By B.B. Singer
Niagara Gazette — Most everyone who disserts these days on problems of the middle class — its growth, diminution, even survival — does so in purely economic terms; however, this kind of focus is too narrow. Yes, the middle class seems threatened, but not simply due to dollars and cents, or the lack thereof. One can’t simply “grow” this supposedly beneficial status via infusions of cash.
For being bourgeois (aka middle class) is really an attitude, and it’s one that people formerly yearned for and carefully cultivated. Becoming middle class was in most cases, synonymous with becoming something of a gentleman or lady, and not only dressing the part, but naturally convincing people in those sartorial choices. Not to mention in how one spoke, and in what one did with an education or manners (with only time-outs to whoop it up at New Years’ parties or don bathrobes Sunday mornings).
Now? It’s a constant dress-down Friday? You can paint a jalopy, but it remains a jalopy? That sounds strong, but at the same time, anyone who thinks grunge can simply be turned off at some point and be quickly transmogrified upward is possibly deluded.
To become authentically middle class, there has to be a certain deference from the get-go, i.e., from childhood; and that deference, fear, respect, whatever you want to call it, has diminished. Even if it’s a cliche, people who lose respect early on for authority end up more basically losing respect for themselves.
In fact, grunginess you see in large towns and small towns, too, seems a kind of how-low-can-you go critique of conventionality — and we think money alone will somehow make such people “middle class”? It ain’t going to happen. Being bourgeois is again, a feeling that most-of-the-time respectability has value. Money? No question that many want to score the dough putatively necessary for a leap into the bourgeoisie; but the discipline to clean up language, looks, deportment and the rest to go with it? Nope, it’s basically “gimme the fish, but hold the fries” in this domain, which doesn’t create true middle-class status.
To be bourgeois you don’t have to be full of yourself, and obviously complete self-esteem — that once ballyhooed concept during the Me Decade and aftermath – has never been easy to attain; but you at least have to try and respect yourself as best you can. You can’t willfully present a constant, waif-like look of anything goes, a getting-through-the-day, pajama-like, this-will-do aura. True, few will be attired anymore like Ward Cleaver and wife were, nor the father who knew best (Robert Young) and TV wife (Jane Wyatt); nor as originally poor boys like Sinatra or Dean became with the Rat Pack — Sinatra especially impeccable in suits or tux on virtually all occasions. But aiming higher does seem necessary for a leap into the middle class. And so does a certain gratitude ...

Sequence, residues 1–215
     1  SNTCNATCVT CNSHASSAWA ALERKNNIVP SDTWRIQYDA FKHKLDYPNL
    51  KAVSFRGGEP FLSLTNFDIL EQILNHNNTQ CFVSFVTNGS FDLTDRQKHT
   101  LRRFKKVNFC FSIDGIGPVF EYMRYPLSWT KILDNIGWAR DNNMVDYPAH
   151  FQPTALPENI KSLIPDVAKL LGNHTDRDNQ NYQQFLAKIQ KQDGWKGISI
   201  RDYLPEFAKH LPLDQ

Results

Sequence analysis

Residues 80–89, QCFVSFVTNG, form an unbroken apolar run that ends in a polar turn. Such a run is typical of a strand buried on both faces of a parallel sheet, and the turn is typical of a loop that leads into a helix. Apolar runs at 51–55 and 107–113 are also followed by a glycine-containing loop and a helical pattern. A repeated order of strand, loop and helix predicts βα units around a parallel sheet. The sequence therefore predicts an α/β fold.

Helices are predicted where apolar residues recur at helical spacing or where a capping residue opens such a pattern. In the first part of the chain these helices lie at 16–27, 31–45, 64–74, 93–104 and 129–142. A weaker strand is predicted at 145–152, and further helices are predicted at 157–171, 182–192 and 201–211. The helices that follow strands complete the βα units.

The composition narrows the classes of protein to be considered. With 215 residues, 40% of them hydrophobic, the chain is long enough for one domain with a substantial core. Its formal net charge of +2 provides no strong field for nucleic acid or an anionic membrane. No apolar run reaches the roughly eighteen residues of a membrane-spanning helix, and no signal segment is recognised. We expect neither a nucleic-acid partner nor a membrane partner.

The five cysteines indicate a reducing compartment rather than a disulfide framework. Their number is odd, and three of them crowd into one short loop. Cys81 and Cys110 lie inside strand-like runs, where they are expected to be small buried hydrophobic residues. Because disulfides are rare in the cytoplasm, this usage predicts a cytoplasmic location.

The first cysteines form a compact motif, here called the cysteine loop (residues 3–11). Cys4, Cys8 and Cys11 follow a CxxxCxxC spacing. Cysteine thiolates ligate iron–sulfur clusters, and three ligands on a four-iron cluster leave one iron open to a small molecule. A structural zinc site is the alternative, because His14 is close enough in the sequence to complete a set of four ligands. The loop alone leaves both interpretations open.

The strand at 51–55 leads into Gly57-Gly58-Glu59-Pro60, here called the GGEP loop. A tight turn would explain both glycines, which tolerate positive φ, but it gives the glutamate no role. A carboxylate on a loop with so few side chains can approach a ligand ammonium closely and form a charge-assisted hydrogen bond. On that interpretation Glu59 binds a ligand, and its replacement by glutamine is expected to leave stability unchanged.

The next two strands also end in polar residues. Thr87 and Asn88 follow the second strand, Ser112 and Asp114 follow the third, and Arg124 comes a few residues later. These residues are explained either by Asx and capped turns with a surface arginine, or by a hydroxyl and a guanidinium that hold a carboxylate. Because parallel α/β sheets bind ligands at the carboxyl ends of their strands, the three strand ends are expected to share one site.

Then comes the not insignificant little matter of widespread drug use. I don’t want to delve deeply into that searing debate here, and would certainly have to bite my tongue even more in Colorado or Washington State; but this ubiquitous penchant also helps feed into widespread, come-as-you-wish dress and deportment styles, the “score it today” attitude, the pretense (i.e., no one will notice), etc.
And then maybe once in a while get spiffed up for an important function, such as a wedding? What you then get is ersatz middle class — much of that going down these days in many other realms, ersatz this, ersatz that. But it’s not the real article, it isn’t automatic or easy to attain, and the result is less and less of an authentic bourgeoisie about.
Which even includes what we used to call with a certain derision “nouveau riche” types, who born poor and maybe with immigrant parents, moved upward and outward to Amherst or Scarsdale, recent arrivals to higher status. But who still seemed convincing ...
In sum, money alone won’t cut it, yet too often, people in high positions seem to think cash is the sole answer to all societal problems. Unfortunately, it’s not.B.B. Singer has taught at several colleges in the area, including Niagara University.